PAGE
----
Executive Interview Series

INTERVIEW: Brigitte de Vet-Veithen on her first one hundred days as CEO at Materialise

Brigitte de Vet-Veithen, CEO of Materialise, describes her initial 100 days at the helm as a period of intensive engagement with the market, customers, and internal stakeholders.

With eight years of experience at Belgium-based software and 3D printing company, primarily focused on the medical side, de Vet-Veithen used these first three months to broaden her exposure to other, less familiar, aspects of the business. “I took time in the first 100 days to deep dive, to meet a lot of our customers and many of our people around the world,” she said, emphasizing the global scale of the business.

3D printing industry misconceptions and opportunities

Variations on the theme of whether 3D printing is failing to reach its potential for manufacturing are not hard to find. As someone who frequently speaks with operators of successful AM businesses, I find such a perspective at odds with real-world experience. Likewise, de Vet-Veithen observes a stark contrast between the perception of the 3D printing industry and its realities, particularly noting significant advancements in markets like China. “The end-use market is happening, and it’s happening big time,” she noted, pointing to large-scale applications such as mobile phone components being produced in substantial volumes. “The negativity is, I think, in my eyes unwarranted,” de Vet-Veithen added, asserting that despite slower adoption in some areas, there are substantial, profitable opportunities that are already being capitalized upon.

Perhaps industry needs to beat the drum a little louder. If share price can be seen as useful proxy for intrinsic value, then Materialise is in good company in the sense that, like many of its peers, performance has far from flourished. De Vet-Veithen notes that while market pressures on share prices are an ongoing challenge, the practical successes and opportunities within the 3D printing industry provide a strong foundation for future growth. She remains optimistic about the potential for Materialise, and indeed other industry players, to expand their impact in the coming years, suggesting that the company’s focus should remain on its operational strengths and market fit rather than short-term financial metrics.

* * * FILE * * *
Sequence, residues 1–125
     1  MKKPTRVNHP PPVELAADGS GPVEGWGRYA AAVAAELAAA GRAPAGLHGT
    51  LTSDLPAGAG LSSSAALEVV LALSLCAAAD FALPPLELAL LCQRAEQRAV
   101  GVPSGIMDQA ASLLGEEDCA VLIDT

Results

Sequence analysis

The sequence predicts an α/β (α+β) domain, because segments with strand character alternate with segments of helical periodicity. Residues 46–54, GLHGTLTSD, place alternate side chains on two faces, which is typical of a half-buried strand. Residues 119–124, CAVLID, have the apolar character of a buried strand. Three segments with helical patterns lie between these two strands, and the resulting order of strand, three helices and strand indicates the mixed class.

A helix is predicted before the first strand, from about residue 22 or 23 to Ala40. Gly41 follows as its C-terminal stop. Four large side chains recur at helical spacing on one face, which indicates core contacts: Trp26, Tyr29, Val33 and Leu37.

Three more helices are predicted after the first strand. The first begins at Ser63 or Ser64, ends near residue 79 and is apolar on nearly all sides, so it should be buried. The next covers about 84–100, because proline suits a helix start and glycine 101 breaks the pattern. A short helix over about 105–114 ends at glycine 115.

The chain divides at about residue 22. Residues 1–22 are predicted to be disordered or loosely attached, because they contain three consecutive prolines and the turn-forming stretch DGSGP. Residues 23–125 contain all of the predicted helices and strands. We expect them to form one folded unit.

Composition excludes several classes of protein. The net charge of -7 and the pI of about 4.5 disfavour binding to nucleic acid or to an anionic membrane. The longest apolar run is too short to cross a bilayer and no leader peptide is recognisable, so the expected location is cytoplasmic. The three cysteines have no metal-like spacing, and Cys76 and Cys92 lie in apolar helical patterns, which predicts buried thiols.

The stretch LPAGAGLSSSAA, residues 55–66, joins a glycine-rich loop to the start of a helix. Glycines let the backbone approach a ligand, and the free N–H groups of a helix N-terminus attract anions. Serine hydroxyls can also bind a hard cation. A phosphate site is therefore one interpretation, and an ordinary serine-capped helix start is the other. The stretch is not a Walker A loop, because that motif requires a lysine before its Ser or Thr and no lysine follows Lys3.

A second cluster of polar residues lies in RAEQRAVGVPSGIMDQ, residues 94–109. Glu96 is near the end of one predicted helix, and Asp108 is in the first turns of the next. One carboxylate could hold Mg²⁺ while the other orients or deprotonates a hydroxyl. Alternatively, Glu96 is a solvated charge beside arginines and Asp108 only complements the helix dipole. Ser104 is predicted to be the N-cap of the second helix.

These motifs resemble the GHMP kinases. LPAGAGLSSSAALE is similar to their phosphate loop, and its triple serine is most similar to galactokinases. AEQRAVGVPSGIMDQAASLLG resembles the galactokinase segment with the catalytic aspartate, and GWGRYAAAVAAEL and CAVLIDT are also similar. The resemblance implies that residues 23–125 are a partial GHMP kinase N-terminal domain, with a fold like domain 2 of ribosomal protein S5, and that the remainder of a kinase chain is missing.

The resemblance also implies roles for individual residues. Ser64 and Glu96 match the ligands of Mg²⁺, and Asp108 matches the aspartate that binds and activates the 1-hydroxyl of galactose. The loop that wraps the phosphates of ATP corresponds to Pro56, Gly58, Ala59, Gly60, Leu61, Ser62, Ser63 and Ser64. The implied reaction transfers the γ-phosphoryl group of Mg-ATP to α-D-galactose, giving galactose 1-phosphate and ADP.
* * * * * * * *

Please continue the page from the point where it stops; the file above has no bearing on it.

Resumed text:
Materialise CEO Brigitte de Vet-Veithen. Photo via Materialise.
Materialise CEO Brigitte de Vet-Veithen. Photo via Materialise.

Software’s role in improving additive manufacturing quality

De Vet-Veithen emphasized the alignment between Materialise’s capabilities and the needs of the additive manufacturing industry. She articulated a vision where the company could significantly impact the industry by making 3D printing processes “easier, faster, simpler, and cheaper.” Central to this vision is the role of software in reducing the overall costs and complexities associated with producing parts via additive manufacturing. “There’s a lot of expertise and knowledge that we can build into our software that guides the user,” she explained, underscoring the potential of their software solutions to bridge the expertise gap in the market.

This strategic focus, according to de Vet-Veithen, positions Materialise to meet the increasing demands of the market effectively, particularly in enhancing the accessibility and cost-effectiveness of 3D printing technologies. 

Another misconception that is occasionally encountered is that 3D printing is not a repeatable process. The Materialise CEO contests this notion that additive manufacturing cannot deliver consistent quality globally, drawing on her extensive experience in the highly regulated medical sector. “We have very good examples, where we show that you can be extremely repeatable and predictable in your quality,” she asserted, referencing the medical applications that require stringent quality controls.

De Vet-Veithen explained that software is pivotal in bridging the gap between current limitations and potential efficiencies in additive manufacturing. She highlighted the deployment of a new quality monitoring tool by Materialise, which actively collects data during production to ensure parts remain within specification. “It collects data as part of your process to verify whether yes or no, we’re still in spec,” she noted, underlining the direct impact of software on improving production standards.

Further, she discussed the broader strategic vision for Materialise, expressing a desire to replicate the success seen in the medical division across other segments of the business. Key to this ambition is a focus on simplification and clarity, both internally in product design and externally in industry communication. “We love to make things complex. So simplification is one of the things we’ve done in medical and will be one of the drivers for success in other segments going forward.”